Dr. Salk set his growing staff to testing different parts of the monkey’s anatomy to find the most useful virus-growing tissues. Like Enders, they found the kidney the best. But a question that Enders and his colleagues had not settled was the best broth in which to grow the tissue cells. Dr. Salk tested many, picked Medium No. 199, containing 62 carefully balanced ingredients, from common salt to penicillin, which Toronto’s Dr. Raymond C. Parker had developed for culturing cancer cells.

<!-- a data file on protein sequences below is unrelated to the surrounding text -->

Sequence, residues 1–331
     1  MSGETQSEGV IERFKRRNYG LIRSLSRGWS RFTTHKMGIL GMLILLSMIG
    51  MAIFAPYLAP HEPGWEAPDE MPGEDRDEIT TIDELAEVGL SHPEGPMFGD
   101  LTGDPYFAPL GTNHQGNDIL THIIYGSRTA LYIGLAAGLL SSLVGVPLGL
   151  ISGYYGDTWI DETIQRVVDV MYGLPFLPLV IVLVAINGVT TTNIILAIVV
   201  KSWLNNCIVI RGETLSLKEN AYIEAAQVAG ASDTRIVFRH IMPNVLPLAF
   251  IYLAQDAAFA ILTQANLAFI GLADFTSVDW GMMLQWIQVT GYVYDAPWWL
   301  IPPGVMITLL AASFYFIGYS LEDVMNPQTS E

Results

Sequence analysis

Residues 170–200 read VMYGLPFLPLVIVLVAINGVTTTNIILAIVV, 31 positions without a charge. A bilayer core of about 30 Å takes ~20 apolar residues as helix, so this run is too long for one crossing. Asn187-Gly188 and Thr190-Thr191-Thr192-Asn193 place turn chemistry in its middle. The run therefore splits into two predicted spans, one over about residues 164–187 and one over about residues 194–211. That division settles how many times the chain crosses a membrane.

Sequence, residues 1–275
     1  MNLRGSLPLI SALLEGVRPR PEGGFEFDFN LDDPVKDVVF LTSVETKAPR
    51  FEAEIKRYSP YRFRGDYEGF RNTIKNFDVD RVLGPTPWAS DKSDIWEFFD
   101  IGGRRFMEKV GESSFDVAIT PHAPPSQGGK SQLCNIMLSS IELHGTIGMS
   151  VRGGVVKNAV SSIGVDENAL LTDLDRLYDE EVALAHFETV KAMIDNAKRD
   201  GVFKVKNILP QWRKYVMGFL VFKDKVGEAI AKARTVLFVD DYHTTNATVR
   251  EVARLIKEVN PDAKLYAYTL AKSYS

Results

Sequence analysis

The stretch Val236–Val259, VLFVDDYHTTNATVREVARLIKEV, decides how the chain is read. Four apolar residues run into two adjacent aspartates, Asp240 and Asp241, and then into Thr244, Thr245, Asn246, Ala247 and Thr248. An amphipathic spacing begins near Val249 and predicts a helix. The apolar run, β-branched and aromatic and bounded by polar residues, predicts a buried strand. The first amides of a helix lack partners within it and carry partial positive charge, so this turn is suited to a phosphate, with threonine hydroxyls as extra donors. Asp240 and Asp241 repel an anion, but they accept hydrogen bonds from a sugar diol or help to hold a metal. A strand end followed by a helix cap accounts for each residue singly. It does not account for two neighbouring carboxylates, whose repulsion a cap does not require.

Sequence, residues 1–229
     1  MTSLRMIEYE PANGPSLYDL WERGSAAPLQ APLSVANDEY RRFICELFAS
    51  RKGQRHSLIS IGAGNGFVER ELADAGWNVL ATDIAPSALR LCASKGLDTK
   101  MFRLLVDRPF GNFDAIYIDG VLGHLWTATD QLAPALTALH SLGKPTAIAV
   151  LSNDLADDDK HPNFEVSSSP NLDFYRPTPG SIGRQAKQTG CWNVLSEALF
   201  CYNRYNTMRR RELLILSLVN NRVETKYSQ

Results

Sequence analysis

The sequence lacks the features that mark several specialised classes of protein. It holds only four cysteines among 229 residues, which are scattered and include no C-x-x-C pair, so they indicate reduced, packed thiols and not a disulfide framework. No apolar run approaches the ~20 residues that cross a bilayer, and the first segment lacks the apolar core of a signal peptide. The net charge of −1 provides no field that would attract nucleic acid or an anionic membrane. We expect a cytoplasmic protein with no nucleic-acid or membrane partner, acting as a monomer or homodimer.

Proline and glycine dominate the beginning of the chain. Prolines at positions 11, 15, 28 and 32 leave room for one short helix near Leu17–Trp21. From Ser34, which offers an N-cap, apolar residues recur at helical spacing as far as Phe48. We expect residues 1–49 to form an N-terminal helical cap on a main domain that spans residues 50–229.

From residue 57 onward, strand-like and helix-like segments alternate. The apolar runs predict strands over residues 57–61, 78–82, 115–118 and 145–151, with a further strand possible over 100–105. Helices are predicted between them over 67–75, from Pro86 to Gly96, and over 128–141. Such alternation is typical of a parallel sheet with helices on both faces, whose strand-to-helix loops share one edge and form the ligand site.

It did not take Dr. Salk long to see that ready at hand were all the essentials needed, at least in theory, to make an effective polio vaccine: plenty of virus, grown safely in non-nervous tissue; convincing evidence that only three types of virus need be in the vaccine; means to kill or inactivate the virus and still leave it with the power to stimulate the human system to produce protective antibodies. The best way to kill the virus with formaldehyde solution was not known, but Dr. Salk tried dozens of different concentrations and temperatures. “When you try 30 variables,” he says, “you’re sure to hit the right one.” Also unknown was the level, or titer, of antibodies a person must have to enjoy protection against polio.The Hurry-Up. Step by painstaking step, Dr. Salk made experimental vaccines and tested them in monkeys. In June 1952 he was satisfied that he had a vaccine safe enough to be given to human beings. Still, for utmost safety, he decided that the first subjects should be those who had already recovered from polio. Thus they should be immune to further disease, but he could measure a rise in their antibody level if the vac cine produced, as he expected, a booste effect. It did.